Stormwater can be collected and temporarily stored on-site with rain barrels or cisterns. This free water can be reused to benefit the property. Simple rain barrels can be used to water plants or wash cars. More sophisticated systems can be tied in with irrigation, waterfall ponds and toilet flushing. The Metropolitan Water Reclamation District (MWRD) of Greater Chicago sells rain barrels to Cook County homeowners for $58 available here. Learn more about the benefits of rain barrels at Recycle the Raindrops.
Our 55-gallon rain barrel made from 80% recycled HDPE plastic. The Kunkles more comprehensive system in Winnetka is a version of the Aqua Scape rainwater harvest system shown above. Thanks to this system, they now enjoy a lovely stone koi pond, harvested water used in irrigation, and improved drainage on their property.
Fields Volvo Silver LEED facility in Northbrook has two cisterns that collect 468,000 gallons of rainwater a year that is used in irrigation and for toilet flushing. A 60,000 gallon cistern, funneled from downspouts, is used at the Ryerson Woods Welcome Center in Deerfield.
For more ideas on how to collect water on your property, prevent water pollution, reduce flooding and use less water in your daily life, visit the Going Green Matters fair on Sunday, March 9, 2014. In addition to presenting information about transportation, lawn and garden, food and farm, renewable energy and energy conservation by local businesses and non-profits – this year “Water Matters” is the theme of the Talk It Up session. This brainstorming exchange will be held with participants and representatives from the Natural Resources Defense Council, Center for Neighborhood Technology, Conservation Design Forum, Glenview Stormwater Task Force, Alliance for the Great Lakes, Metropolitan Water Reclamation District, and US EPA. A wonderful opportunity to learn more from water experts and share your thoughts.
Also see an NRDC case study of Chicago’s green infrastructure and the full national case study report Rooftop to Rivers, as well as 8 Shades of Green Infrastructure for other regional, national and international examples.
If you happen to live in Winnetka and prefer to see green infrastructure more comprehensively integrated in stormwater planning, as opposed to the Willow Tunnel plan, please see Winnetka’s Tunnel Vision before heading to the ballot on March 18.
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Thanks to everyone who contributed photos and details on their green improvements! Unfortunately, several wonderful rain garden and green roof projects are currently under snow, so they could not be shared here. I will add them in at a later date. This post is an update of wren’s Got Soaked? posted in 2012.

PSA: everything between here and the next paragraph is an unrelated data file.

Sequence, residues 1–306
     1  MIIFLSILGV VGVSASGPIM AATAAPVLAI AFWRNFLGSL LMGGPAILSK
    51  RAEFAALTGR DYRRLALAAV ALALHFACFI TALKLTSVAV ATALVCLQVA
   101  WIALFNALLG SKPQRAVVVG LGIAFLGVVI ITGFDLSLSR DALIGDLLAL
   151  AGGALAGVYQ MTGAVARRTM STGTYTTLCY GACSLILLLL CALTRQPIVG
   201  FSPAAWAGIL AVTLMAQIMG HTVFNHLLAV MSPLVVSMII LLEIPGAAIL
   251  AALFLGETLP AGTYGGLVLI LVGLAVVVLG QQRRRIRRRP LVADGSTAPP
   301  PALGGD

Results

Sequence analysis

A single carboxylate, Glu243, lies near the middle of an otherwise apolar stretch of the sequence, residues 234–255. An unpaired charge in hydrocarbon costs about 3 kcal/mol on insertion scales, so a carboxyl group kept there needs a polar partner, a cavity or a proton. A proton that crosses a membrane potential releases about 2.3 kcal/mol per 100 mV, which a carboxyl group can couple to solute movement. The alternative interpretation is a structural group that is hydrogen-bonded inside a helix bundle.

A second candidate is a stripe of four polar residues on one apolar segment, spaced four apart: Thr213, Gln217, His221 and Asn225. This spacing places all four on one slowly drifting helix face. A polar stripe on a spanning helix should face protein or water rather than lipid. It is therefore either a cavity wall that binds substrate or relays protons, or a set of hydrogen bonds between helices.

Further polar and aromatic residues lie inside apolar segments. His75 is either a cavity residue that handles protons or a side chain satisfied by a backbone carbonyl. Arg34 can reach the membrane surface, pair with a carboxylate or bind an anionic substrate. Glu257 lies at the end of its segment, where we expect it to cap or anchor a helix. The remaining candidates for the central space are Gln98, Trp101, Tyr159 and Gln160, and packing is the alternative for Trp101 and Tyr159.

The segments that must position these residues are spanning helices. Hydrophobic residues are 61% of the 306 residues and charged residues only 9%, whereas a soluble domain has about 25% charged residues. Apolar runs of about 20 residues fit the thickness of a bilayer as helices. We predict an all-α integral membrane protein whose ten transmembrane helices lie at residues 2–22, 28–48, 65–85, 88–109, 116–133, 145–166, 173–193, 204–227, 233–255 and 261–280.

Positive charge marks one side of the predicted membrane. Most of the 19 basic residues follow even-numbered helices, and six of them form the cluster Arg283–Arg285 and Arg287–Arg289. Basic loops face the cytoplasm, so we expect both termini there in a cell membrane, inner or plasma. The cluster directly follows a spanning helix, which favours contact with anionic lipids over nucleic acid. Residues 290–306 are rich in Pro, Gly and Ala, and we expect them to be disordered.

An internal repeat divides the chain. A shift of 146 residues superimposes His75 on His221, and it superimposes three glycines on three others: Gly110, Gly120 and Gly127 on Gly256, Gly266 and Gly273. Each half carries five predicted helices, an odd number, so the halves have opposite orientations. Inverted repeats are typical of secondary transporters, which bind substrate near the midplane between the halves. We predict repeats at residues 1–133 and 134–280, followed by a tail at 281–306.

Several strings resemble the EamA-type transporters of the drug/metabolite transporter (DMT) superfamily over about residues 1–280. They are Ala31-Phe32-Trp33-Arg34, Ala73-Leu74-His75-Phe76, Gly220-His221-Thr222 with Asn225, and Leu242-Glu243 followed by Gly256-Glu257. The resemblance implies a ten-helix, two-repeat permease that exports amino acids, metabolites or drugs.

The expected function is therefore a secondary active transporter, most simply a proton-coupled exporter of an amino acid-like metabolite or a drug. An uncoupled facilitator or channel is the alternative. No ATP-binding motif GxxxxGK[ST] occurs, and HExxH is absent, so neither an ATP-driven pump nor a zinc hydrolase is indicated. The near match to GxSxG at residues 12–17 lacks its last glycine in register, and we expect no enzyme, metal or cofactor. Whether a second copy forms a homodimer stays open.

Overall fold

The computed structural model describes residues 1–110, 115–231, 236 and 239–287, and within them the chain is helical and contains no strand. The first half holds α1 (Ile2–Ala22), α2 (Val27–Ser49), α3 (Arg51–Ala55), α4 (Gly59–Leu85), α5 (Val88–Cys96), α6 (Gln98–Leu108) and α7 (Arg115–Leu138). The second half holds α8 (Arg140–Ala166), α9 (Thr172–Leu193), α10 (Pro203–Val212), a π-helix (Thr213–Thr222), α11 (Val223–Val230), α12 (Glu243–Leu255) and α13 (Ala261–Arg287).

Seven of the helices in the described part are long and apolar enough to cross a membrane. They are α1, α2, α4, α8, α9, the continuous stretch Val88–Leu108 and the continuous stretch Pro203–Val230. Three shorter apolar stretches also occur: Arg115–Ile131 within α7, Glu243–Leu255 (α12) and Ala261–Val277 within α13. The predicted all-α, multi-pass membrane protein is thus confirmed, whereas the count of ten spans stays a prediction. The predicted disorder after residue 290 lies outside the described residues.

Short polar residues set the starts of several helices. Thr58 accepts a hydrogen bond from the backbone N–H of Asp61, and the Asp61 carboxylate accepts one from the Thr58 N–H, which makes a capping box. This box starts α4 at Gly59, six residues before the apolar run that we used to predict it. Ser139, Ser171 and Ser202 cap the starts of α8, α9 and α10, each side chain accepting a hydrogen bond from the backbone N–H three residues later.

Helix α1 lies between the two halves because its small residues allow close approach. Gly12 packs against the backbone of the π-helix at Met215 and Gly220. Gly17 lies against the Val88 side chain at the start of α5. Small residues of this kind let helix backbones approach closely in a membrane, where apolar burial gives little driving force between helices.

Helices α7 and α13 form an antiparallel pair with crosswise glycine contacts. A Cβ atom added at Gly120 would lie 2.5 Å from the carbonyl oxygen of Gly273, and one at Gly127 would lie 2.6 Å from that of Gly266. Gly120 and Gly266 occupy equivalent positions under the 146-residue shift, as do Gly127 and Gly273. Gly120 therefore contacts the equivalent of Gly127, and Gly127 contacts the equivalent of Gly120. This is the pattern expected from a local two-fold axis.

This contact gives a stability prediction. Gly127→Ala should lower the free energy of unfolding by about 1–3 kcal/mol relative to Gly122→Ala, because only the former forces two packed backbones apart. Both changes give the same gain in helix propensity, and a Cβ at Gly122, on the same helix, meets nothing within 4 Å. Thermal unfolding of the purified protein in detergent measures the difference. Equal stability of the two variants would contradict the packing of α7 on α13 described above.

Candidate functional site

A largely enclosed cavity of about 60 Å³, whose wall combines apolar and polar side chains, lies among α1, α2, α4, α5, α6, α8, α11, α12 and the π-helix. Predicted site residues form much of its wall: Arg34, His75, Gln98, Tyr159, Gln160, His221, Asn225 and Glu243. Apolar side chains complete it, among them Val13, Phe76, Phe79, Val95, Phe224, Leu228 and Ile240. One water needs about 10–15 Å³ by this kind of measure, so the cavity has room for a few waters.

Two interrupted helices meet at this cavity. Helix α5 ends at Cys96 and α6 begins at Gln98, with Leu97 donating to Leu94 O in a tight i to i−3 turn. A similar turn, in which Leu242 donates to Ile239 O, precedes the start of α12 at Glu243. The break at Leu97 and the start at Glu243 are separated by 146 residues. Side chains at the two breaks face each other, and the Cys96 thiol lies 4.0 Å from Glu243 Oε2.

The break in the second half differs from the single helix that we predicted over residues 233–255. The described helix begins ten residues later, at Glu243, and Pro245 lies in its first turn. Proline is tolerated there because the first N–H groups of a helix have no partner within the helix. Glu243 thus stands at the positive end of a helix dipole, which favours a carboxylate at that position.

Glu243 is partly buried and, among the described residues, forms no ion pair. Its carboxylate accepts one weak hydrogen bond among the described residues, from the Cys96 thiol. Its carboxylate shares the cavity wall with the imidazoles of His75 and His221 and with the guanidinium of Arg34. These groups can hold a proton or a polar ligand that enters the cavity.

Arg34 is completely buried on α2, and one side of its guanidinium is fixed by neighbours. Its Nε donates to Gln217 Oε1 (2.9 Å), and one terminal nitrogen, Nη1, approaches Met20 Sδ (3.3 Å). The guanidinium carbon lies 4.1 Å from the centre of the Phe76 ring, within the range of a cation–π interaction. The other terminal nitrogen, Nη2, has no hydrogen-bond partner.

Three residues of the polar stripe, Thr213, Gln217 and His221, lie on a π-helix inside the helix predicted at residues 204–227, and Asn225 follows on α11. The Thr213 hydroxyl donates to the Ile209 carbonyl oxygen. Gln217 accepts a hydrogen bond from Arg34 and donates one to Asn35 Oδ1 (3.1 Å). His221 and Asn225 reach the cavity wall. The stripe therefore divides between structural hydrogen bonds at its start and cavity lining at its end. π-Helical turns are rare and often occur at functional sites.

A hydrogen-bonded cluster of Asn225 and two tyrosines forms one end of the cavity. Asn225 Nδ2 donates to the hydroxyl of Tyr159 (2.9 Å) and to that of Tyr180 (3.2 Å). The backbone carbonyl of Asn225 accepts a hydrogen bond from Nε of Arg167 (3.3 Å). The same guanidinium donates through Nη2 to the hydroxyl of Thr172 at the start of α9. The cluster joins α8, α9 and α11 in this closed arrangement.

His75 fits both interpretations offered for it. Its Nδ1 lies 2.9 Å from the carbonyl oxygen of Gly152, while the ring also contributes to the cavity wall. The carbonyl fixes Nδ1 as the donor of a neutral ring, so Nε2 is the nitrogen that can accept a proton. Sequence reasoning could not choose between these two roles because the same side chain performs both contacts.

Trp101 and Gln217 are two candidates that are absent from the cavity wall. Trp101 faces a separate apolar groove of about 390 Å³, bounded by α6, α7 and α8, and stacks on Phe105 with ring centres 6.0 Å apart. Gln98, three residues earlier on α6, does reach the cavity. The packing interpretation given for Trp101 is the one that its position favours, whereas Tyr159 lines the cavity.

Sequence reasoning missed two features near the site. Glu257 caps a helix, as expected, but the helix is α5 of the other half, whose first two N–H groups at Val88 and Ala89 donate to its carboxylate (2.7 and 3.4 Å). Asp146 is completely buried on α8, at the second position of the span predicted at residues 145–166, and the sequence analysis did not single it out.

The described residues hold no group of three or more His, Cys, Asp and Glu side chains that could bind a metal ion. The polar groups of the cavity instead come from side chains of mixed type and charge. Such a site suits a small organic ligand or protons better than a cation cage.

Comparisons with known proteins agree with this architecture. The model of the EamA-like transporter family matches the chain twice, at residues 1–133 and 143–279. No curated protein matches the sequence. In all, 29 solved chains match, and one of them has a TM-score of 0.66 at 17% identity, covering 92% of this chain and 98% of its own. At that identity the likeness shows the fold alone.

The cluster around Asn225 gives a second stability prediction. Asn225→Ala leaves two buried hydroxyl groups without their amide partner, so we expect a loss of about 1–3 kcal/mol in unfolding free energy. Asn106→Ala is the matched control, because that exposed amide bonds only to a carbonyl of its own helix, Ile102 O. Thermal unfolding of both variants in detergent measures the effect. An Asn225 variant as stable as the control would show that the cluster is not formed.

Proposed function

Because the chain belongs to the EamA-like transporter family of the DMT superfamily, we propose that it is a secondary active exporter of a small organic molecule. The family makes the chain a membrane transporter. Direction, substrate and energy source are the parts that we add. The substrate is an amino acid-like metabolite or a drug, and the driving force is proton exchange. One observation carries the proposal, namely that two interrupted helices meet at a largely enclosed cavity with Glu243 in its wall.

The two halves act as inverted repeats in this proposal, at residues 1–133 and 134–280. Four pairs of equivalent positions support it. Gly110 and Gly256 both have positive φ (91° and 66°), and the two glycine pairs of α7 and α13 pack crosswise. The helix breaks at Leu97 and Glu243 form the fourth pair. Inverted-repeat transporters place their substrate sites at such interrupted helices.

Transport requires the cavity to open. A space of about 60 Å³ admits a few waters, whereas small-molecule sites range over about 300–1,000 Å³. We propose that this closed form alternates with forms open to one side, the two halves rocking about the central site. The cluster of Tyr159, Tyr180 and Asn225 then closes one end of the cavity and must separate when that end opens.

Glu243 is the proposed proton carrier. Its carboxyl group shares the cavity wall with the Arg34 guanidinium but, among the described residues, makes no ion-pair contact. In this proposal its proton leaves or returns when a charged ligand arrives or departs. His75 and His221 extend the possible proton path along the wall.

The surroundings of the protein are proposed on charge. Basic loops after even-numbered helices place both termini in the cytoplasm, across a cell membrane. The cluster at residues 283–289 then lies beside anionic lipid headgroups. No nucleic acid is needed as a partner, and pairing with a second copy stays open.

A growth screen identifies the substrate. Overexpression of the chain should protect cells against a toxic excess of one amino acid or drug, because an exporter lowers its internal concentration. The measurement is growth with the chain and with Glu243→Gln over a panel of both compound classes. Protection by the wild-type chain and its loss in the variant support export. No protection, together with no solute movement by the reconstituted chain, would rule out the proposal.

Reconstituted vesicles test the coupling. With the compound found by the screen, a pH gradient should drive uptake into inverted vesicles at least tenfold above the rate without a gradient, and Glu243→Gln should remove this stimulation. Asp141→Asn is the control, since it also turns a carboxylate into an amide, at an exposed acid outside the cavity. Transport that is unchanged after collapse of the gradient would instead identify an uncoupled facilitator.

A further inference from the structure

Old “school” graphic designed by the amazing Jason Rutter (my brother)
What started off as a green home and alternative energy talk for my son’s science class has evolved into an epic eco tour of Illinois and Chicagolandss flourishing clean energy scene. Last year, Ms. Goldberg asked me to give a few 30 minutes talks to her sixth grade classes. Since I’ve come across SO many compelling clean energy projects, I put together a jam-packed slideshow. The students seemed keenly interested and asked super smart questions. Over the summer, a mom mentioned my presentation was the only thing her daughter came home and spoke about passionately the whole year. I couldn’t resist upping my game when Ms. Goldberg asked me back to class this year. After boiling down even more cool information, over 70 slides now include the drawbacks of fossil fuels(16 slides), clean energy today (23 slides), energy saving features of our home (19 slides), and green jobs (18 slides/40+ changemakers featured). Best of all, most everything and everyone featured is local. Students love to hear that Illinois is #4 in the U.S. for wind power, Chicagoland’s rooftops and brownfields are going solar, Illinois is #1 in the country for green building, 25+ electric car models will be available in 2014, and biofuel is locally made from french fry grease, algae and cow waste. Following more enthusiastic response from this year’s science classes, I’ve converted my iPhoto slides to Powerpoint with side notes, so now you can see it and share it too. The possibilities of clean energy are truly exciting, and hopefully these examples will inspire way more to come.
Click HERE to see the PowerPoint and CLICK “NOTES” in the lower right corner (unfortunately my zillion links/sources did not come through in this format, but are available upon request)
Student tested & approved. Some rave reviews from Ms. Goldberg’s class:
… it was really fun to listen about the alternative energy sources
… I liked many cool green energy substitutes like algae
… I really liked the mini wind turbines for more urban areas
… we particularly liked the french fry grease converter
… I didn’t know you could do that many things around your house
… I liked your roof with the solar panels
… it was exciting to see the rug made from plastic bottles
… I might try to do some of those things in my house
… we liked how many cool things that people are doing to make a difference in the environment
Some wonderful eco-artwork included in thank you notes from Ms. Goldberg’s class this year.